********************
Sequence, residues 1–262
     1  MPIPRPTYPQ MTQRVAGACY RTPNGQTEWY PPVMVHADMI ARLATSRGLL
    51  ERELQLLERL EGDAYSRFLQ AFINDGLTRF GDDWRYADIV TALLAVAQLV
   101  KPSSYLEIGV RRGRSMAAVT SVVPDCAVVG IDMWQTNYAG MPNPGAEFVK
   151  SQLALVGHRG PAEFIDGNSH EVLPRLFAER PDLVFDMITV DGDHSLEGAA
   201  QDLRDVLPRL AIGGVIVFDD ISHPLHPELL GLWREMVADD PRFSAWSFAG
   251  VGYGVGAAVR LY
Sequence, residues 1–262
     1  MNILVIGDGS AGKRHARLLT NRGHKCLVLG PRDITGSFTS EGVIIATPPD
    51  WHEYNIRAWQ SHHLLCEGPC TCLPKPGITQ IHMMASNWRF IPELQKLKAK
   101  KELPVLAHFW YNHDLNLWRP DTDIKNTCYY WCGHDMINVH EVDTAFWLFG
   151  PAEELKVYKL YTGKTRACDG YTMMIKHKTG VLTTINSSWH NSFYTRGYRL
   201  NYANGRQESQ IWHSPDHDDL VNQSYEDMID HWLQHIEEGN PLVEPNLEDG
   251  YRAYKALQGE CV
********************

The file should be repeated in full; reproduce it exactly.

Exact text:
Sequence, residues 1–262
     1  MPIPRPTYPQ MTQRVAGACY RTPNGQTEWY PPVMVHADMI ARLATSRGLL
    51  ERELQLLERL EGDAYSRFLQ AFINDGLTRF GDDWRYADIV TALLAVAQLV
   101  KPSSYLEIGV RRGRSMAAVT SVVPDCAVVG IDMWQTNYAG MPNPGAEFVK
   151  SQLALVGHRG PAEFIDGNSH EVLPRLFAER PDLVFDMITV DGDHSLEGAA
   201  QDLRDVLPRL AIGGVIVFDD ISHPLHPELL GLWREMVADD PRFSAWSFAG
   251  VGYGVGAAVR LY
Sequence, residues 1–262
     1  MNILVIGDGS AGKRHARLLT NRGHKCLVLG PRDITGSFTS EGVIIATPPD
    51  WHEYNIRAWQ SHHLLCEGPC TCLPKPGITQ IHMMASNWRF IPELQKLKAK
   101  KELPVLAHFW YNHDLNLWRP DTDIKNTCYY WCGHDMINVH EVDTAFWLFG
   151  PAEELKVYKL YTGKTRACDG YTMMIKHKTG VLTTINSSWH NSFYTRGYRL
   201  NYANGRQESQ IWHSPDHDDL VNQSYEDMID HWLQHIEEGN PLVEPNLEDG
   251  YRAYKALQGE CV